How Personal Constraints Set Your Limits
3 years ago
How do personal constraints determine success? Simple. They set the limits for where you can ultimately go, no matter how gifted or talented you are. Your personal constraints—your conscious and unconscious limiting behaviors—hold you back and determine your ultimate level of success.
Most of us know at least one person in life who possesses great talents, abilities, gifts, or opportunities yet seems to have done so little with it all. Perhaps you might be looking at your own life so far and wondering, Have I really been living to the fullest of my abilities? If you’re like most people, the answer is, “Probably not.”
So what makes some people different? What makes some people rise to the top of their personal or professional spheres? I started looking at people who were categorized as “the best” in their fields. I asked myself: What makes them the best? I knew that it was more than their strengths that ultimately made the difference in how people performed.
That is when I came up with the concept of personal constraints. I knew even before all our testing was complete that somehow the answers to my questions lay more in limitations than strengths.
During this data-gathering process, I asked our staff, “Who is the number-one influence in sports?” Immediately one of them said, “Mark McCormack.”
Mark McCormack was indeed one of the greatest influences in contemporary sports in the last century. He shook hands with Arnold Palmer in 1960 in a deal that changed the endorsement world forever. Prior to that, virtually no one had ever heard of endorsement deals. From that historic moment Mark began building International Management Group (IMG), a global company that represents everyone from Tiger Woods to the pope to Nobel Prize winners.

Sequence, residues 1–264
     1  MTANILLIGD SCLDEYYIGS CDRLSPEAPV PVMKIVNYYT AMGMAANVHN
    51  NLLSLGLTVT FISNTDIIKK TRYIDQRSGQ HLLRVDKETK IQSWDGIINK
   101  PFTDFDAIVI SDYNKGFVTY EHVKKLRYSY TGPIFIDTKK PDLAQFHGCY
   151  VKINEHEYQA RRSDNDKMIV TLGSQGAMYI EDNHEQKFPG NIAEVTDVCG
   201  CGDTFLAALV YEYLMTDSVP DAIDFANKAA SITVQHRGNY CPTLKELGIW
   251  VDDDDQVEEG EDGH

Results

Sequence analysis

And I was sitting in Mark McCormack’s study, talking to him about how to become better. I had to be either stupid. . .or onto something.
Mark thought I was stupid. But his wife didn’t. She was a well-respected tennis great, having won numerous professional tennis titles in a twenty-three-year career, and she was sitting next to him on the couch. Thank goodness for wives. Betsy said, “If this works, if you can really help someone identify the things holding them back—and then do something about them—you can sign me up right here. How do we do it?”
Mark, on the other hand, looked at her enthusiasm with more than a little skepticism and went off to do some work in his office. He was going to be a tough case, and I knew it. An hour later he rejoined us.
I asked him, “Mark, what would you say if I could show you the number-one personal constraint that is holding you back from performing at a much higher level than you are at now?”
He didn’t hesitate. “I don’t believe you could.”
Finally, after some discussion, he decided that he wanted to go through the process himself to explore the concept of personal constraints and how they could impact someone’s performance. I joined Mark and Betsy in the den to begin a life-changing growth process.